High-Definition Field Texture Measurements for Predicting Pavement Friction

Monitoring and managing skid resistance properties are crucial activities to reduce the number of highway accidents and fatalities. However, current methodologies to measure pavement surface friction present several disadvantages that make them impractical. Thus, it is necessary to evaluate alternative methods to estimate friction. The principal objective of this study was to develop friction models based on pavement texture. We implemented a Line Laser Scanner (LLS) to obtain an improved characterization of the pavement texture which includes macrotexture and incorporates microtexture description using eight different parameters. Field measurements of friction and texture were collected around Texas using the British Pendulum Test (BPT), the Dynamic Friction Test (DFT), the micro-GripTester, and the LLS. The experimental results showed that there is not a unique relationship between texture and friction; though strong and statistically significant, the relationship is different for each type of pavement surface. Thus, regression analysis pooling all data cannot be utilized to quantify this relationship. For this reason, we applied a panel data analysis approach that allows the incorporation of the type of surface and provides a more robust analysis. The results indicate that the prediction of friction is significantly improved when incorporating information from both macrotexture and microtexture into the prediction model. Therefore, a measure of microtexture should be included into friction models based on texture. In addition, the study of different texture parameters suggests that the mean profile depth (MPD) is the most significant parameter for macrotexture and for microtexture to explain the distinct friction measures.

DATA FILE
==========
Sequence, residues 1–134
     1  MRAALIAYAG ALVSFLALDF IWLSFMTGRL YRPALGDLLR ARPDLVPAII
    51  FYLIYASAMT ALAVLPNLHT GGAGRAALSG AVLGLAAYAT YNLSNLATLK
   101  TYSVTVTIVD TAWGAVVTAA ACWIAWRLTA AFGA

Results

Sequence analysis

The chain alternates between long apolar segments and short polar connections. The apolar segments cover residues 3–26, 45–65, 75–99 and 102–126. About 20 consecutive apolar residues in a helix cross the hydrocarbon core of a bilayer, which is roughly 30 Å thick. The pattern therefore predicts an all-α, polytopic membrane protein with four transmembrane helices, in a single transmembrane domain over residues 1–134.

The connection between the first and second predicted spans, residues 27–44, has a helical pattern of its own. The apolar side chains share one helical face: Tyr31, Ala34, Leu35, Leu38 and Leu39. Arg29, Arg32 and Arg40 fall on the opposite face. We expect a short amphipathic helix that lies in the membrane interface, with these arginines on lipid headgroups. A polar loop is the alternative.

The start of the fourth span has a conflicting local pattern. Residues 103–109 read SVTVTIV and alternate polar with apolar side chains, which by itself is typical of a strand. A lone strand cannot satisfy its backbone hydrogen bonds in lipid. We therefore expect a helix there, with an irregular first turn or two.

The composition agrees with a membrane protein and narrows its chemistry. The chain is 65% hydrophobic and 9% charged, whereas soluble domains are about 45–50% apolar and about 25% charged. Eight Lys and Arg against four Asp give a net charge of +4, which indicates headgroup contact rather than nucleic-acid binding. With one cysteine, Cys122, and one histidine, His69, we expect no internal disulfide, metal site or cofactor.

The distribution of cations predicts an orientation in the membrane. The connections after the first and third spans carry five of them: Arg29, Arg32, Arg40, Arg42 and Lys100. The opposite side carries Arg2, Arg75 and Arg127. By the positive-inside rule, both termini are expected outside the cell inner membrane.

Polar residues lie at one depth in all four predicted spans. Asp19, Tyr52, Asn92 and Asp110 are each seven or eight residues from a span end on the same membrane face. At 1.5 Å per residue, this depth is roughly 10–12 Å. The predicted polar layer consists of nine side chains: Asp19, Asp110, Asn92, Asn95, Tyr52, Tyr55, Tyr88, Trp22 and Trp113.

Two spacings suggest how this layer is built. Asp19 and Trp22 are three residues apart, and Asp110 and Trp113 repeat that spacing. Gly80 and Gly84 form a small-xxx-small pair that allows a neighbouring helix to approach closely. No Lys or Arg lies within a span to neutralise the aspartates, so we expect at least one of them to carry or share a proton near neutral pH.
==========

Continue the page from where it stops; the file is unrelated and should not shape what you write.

Language

  • English

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Filing Info

  • Accession Number: 01690694
  • Record Type: Publication
  • Report/Paper Numbers: 19-01066
  • Files: TRIS, TRB, ATRI
  • Created Date: Jan 3 2019 11:45AM